"The presence of zircons is telling," he said. "Zircons crystallize out of molten rocks with special compositions, and their appearance signifies a profound change from silica-poor to silica-rich volcanism. The relevance to atmospheric composition is that silica-rich rocks have far less iron and sulfur than silica-poor rocks, and iron and sulfur react with oxygen and form a sink for oxygen.
"Based on this, we believe the first rise in oxygen may have been due to a substantial reduction in the efficiency of the oxygen sink," Lee said. "In the bathtub analogy, this is equivalent to partially plugging the drain."
Lee said the study suggests that the second rise in atmospheric oxygen was related to a change in production—analogous to turning up the flow from the faucet.
"The bathtub analogy is simple and elegant, but there's an added complication that must be taken into account," he said. "That is because oxygen production is ultimately tied to the global carbon cycle—the cycling of carbon between the Earth, the biosphere, the atmosphere and oceans."
Lee said the model showed that Earth's carbon cycle has never been at a steady state because carbon slowly leaks out as carbon dioxide from Earth's deep interior to the surface through volcanic activity. Carbon dioxide is one of the key ingredients for photosynthesis.
"On long, geologic timescales, carbon is removed from the atmosphere by the production of condensed forms of carbon, such as organic carbon and minerals called carbonate," he said. "For most of Earth's history, most of this carbon has been deposited not in the deep ocean but rather on the margins of continents. The implications are profound because carbon deposited on continents does not return to Earth's deep interior. Instead, it amplifies carbon inputs into the atmosphere when the continents are subsequently perturbed by volcanism."
Lee said the team's model showed that volcanic activity and other geologic inputs of carbon into the atmosphere may have increased with time, and because oxygen production is tied to carbon production, oxygen production also must increase. The model showed that the second rise in atmospheric oxygen had to occur late in Earth's history.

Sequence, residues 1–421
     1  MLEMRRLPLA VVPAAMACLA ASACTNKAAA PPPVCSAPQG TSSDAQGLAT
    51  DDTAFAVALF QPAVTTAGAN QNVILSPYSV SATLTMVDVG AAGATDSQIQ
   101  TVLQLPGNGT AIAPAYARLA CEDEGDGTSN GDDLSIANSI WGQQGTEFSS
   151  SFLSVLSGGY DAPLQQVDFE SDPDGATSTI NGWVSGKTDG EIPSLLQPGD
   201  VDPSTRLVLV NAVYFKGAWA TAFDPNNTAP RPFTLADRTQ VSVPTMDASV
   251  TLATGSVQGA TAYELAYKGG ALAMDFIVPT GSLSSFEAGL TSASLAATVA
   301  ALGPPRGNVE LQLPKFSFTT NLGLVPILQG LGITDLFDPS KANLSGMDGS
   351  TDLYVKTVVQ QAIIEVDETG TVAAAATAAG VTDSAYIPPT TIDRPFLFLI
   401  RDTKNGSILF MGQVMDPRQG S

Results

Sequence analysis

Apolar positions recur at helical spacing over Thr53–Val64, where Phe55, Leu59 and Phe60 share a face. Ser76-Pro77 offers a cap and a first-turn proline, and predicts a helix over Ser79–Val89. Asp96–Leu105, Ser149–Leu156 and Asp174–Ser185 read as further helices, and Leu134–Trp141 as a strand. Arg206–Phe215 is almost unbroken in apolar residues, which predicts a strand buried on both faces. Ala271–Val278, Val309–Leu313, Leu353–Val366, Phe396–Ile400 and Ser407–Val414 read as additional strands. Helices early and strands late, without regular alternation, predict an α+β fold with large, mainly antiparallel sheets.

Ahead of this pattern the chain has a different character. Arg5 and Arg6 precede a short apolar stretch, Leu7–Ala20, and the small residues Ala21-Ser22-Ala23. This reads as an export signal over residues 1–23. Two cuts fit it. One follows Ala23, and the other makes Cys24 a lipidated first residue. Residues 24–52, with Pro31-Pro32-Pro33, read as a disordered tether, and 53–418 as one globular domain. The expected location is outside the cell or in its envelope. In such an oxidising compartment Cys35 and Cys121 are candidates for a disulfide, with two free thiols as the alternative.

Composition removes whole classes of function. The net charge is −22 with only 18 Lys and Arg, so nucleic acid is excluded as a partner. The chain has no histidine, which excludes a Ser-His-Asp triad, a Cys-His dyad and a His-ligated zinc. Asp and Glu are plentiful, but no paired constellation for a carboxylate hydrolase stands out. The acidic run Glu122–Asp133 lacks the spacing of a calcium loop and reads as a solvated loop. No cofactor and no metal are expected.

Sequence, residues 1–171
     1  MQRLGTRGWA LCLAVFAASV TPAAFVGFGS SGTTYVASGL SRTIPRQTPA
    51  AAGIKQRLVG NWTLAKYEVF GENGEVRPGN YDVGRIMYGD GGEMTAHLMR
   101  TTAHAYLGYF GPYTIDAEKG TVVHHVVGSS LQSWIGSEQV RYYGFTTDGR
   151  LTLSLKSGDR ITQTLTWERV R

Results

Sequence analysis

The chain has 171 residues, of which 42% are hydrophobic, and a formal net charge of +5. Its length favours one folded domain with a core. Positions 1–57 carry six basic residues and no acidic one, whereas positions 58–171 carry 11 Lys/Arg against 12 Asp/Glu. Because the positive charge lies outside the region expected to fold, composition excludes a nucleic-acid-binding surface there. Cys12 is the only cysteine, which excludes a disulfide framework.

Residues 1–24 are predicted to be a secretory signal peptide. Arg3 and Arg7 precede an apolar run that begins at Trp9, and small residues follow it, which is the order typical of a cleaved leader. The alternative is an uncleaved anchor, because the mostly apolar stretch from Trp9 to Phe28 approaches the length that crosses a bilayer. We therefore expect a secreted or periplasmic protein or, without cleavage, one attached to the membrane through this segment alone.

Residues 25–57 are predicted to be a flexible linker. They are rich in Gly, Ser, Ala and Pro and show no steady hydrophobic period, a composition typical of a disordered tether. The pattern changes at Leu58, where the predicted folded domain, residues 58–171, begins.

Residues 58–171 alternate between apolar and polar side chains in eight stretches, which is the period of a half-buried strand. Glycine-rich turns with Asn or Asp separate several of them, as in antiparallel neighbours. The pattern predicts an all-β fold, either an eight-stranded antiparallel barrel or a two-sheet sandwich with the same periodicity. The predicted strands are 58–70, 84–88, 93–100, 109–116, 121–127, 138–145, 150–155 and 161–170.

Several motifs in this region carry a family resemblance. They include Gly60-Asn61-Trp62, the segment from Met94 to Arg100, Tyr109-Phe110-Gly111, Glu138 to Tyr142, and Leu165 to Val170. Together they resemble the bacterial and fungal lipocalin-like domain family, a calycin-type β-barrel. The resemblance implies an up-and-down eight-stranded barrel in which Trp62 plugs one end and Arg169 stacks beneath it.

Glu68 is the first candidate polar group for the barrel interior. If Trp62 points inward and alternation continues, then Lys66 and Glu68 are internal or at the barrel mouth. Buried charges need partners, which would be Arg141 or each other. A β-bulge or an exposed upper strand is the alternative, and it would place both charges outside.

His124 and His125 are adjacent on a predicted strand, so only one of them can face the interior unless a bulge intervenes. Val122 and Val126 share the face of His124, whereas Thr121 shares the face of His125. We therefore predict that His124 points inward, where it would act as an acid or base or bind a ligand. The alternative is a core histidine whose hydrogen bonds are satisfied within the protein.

"Exactly when is model-dependent, but what is clear is that the formation of continental crust naturally leads to two rises in atmospheric oxygen, just as we see in the fossil record," Lee said.
Exactly what caused the composition of the crust to change during the first oxygenation event remains a mystery, but Lee said the team believes it may have been related to the onset of plate tectonics, where the Earth's surface, for the first time, became mobile enough to sink back down into Earth's deep interior.
Lee said the team's new model is not without controversy. For example, the model predicts that production of carbon dioxide must increase with time, a finding that goes against the conventional wisdom that carbon fluxes and atmospheric carbon dioxide levels have steadily decreased over the last 4 billion years.
"The change in flux described by our model happens over extremely long time periods, and it would be a mistake to think that these processes that are bringing about any of the atmospheric changes are occurring due to anthropomorphic climate change," he said. "However, our work does suggest that Earth scientists and astrobiologists may need to revisit what we think we know about Earth's early history."